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Piesta Kuusikaru farm in Soomaa region welcomes visitors interested in local products and history.

Piesta Kuusikaru farm

The restored family farm, established in 1868, now features an organic apple orchard as well as a small food production facility.

Your host Hardi manages the organic orchard, is in charge of the production and takes care of just about every other job on the farm.

Your hostess Külli welcomes guests and is also in charge of sales & marketing.

The family dog Sherlock announces all visitors, assists in the orchard and does anything else he’s ever allowed.

Farm history

Hardi’s great-great-grandfather Gustav Jürgenstein belonged to the generation of Estonian national awakening. His life is an excellent example of the growth of a nation – having lost his father at a young age, Gustav worked his way up first as a shoemaker and finally became a respected farmer as well as a landowner in his own right. He bought Piesta Kuusikaru farmstead from the local landlord in 1868.

The successful farm was handed down to Gustav’s youngest son Voldemar whose older brothers were more focused on education, literature and journalism. The next generation to take over was Voldemar’s daughter Liina together with her husband Mihkel who was not only highly educated in agricultural management but also proved to be successful out on the field.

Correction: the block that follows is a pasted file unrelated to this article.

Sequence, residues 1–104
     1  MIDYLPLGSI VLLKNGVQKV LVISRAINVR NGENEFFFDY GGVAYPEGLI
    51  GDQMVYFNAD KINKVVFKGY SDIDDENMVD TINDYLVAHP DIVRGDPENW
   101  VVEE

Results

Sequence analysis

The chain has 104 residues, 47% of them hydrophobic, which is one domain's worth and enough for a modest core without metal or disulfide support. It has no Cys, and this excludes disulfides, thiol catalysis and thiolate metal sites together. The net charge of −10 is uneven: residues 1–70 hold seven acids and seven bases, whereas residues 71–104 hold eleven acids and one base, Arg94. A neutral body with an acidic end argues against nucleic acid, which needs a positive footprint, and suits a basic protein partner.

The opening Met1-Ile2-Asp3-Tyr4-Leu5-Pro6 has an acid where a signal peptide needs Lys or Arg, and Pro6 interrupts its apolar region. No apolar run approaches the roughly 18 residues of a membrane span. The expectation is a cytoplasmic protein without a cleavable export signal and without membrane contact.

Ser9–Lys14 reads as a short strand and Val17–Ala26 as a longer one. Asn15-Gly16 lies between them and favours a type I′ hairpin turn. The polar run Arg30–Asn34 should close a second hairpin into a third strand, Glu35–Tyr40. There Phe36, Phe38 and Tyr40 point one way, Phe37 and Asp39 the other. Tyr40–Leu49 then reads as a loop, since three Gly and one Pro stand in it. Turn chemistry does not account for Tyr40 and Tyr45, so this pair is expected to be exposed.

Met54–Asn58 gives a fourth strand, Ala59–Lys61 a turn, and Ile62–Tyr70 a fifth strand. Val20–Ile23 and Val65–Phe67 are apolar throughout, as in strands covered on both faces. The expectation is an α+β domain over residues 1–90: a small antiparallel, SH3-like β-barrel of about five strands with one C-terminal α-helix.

This success story of three generations at Piesta Kuusikaru came to a brutal end in the disastrous 1940s when the family, although escaping deportation to Siberia, was forced to leave their homestead for good.

For Hardi, the strongest memory from his childhood was the conviction of grandfather Mihkel that Estonia will eventually be free again. Since the returning of former properties in the early 1990s, it was clear that one day it will be time for a restart at Piesta Kuusikaru.

Aiming to give Piesta Kuusikaru farm a new start, we began from scratch in 2014. All former buildings had been destroyed, fields and pastures had completely overgrown and could hardly be told apart from the forest. However, there were still some elderly neighbours who remembered the orchards of Hardi’s grandmother Liina and grandfather Mihkel, thus giving us hope that apple trees may have a future here as well.